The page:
How does our perception of ourselves transform as we grow older? In what ways does aging change how we view others? How has the concept of “age” changed over time? The texts in this series explore these and other questions about entering middle age, growing older, caring for aged loved ones, and finding satisfaction in later stages of life. This series has been developed in part to help communities talk about our aging population. To host this Reading & Discussion program, please review the application guidelines, and follow the link to our online application.
An old man lies dying. Propped up in his living room and surrounded by his children and grandchildren, George Washington Crosby drifts in and out of consciousness, back to the wonder and pain of his impoverished childhood in Maine. As the clock repairer’s time winds down, his memories intertwine with those of his father, an epileptic, itinerant peddler and his grandfather, a Methodist preacher beset by madness. Harding’s novel won the Pulitzer Prize and was named an American Library Association Notable Book.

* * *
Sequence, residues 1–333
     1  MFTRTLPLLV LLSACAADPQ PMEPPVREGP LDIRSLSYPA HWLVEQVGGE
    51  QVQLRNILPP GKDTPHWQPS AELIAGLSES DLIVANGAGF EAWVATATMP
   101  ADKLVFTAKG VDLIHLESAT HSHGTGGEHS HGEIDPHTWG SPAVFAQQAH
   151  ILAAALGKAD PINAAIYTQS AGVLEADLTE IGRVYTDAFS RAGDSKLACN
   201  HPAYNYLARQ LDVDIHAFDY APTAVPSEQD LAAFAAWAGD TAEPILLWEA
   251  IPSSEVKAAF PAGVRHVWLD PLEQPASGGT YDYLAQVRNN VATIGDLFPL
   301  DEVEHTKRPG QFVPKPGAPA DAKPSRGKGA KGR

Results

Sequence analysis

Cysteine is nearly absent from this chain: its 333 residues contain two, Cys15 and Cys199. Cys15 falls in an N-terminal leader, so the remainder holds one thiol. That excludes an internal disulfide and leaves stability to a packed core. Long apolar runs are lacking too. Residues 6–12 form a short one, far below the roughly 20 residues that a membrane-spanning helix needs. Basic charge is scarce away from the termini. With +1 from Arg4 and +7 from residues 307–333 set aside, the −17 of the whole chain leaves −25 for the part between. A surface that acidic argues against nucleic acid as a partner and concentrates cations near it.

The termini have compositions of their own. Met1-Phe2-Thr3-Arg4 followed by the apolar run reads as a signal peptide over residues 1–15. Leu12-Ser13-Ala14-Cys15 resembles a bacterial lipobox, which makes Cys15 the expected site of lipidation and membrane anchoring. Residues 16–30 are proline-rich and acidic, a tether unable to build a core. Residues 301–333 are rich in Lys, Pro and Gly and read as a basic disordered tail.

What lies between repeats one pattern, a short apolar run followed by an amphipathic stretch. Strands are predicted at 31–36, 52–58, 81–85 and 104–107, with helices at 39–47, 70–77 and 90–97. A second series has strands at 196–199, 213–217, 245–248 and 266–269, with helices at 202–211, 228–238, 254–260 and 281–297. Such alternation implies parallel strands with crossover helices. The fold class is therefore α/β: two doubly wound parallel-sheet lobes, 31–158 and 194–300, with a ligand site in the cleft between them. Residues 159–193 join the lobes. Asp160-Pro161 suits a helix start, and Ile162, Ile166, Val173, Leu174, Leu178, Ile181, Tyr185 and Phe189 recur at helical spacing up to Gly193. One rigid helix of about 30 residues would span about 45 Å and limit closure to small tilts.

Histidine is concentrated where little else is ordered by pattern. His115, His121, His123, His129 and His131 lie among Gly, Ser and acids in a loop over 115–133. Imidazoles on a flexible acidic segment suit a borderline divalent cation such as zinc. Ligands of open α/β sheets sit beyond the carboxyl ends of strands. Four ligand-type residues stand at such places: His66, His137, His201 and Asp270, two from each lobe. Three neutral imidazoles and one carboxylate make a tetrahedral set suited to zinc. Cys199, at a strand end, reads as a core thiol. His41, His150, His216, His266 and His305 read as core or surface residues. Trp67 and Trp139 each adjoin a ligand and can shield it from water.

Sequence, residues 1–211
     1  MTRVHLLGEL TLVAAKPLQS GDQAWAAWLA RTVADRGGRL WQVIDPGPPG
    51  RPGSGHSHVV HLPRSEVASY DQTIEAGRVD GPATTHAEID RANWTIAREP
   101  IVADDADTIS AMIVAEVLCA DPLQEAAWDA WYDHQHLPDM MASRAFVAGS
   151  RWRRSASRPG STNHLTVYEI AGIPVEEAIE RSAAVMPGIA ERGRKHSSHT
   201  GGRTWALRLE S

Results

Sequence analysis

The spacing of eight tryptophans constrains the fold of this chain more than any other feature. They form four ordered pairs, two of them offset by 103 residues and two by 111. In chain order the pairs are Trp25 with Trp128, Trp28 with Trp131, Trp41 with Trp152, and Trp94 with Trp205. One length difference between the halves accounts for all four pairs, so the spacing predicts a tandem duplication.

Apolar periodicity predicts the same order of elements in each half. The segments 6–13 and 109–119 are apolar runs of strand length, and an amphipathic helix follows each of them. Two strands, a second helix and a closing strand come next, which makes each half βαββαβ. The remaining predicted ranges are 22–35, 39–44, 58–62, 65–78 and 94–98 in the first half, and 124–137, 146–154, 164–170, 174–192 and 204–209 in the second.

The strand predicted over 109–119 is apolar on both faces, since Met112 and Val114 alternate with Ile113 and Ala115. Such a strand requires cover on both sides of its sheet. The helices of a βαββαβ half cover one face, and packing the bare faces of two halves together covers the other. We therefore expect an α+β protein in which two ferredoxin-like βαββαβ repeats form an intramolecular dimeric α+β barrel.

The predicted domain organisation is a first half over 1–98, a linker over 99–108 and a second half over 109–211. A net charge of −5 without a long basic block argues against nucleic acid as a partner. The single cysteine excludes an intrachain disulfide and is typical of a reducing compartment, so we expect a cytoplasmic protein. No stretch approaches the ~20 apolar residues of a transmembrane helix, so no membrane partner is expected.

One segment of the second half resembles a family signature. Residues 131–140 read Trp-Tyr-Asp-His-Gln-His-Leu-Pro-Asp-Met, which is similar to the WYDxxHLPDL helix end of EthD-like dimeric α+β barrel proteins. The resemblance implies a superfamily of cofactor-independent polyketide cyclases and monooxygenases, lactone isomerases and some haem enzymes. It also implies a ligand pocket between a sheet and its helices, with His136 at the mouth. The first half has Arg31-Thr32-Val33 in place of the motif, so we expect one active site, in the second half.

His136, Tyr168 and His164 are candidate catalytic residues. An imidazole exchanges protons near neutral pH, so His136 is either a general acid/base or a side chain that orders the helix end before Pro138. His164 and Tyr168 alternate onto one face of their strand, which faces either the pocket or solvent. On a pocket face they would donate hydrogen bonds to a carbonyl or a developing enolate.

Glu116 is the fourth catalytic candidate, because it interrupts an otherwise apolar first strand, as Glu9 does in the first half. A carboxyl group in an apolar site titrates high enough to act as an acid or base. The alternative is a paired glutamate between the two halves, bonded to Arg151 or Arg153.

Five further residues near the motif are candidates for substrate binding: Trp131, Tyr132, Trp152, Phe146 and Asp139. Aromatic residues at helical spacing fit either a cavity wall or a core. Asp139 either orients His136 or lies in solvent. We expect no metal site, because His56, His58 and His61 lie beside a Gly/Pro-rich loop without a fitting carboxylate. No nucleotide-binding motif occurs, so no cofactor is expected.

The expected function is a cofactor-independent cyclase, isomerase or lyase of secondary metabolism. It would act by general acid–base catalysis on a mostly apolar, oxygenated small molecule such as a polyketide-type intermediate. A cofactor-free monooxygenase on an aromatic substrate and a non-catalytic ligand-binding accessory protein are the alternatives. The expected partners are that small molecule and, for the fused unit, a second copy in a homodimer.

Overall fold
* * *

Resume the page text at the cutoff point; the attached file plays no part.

The concept of old age has not been static throughout time. In this beautifully illustrated book, six authors explore how the best thinkers and artists of each historical epoch in the West have treated old age. They examine, too, the myths that have grown up around it and the images, both visual and verbal, that have been created to encapsulate that thing which we all shall become.
This rich anthology gathers poetry, short stories, and more. Authors include Anne Sexton, Kurt Vonnegut, Harold Pinter, Anton Chekhov, William Carlos Williams, Alice Walker, Philip Roth and more. Selections explore themes of identity, love, family, community and how aging changes our perceptions of each.
The middle-aged make up the biggest, richest, and most influential segment of the country, yet the history of middle age has remained largely untold. This book delightfully explores the history of the idea of “middle age,” including how its biological, psychological, and social definitions have shifted from one generation to the next.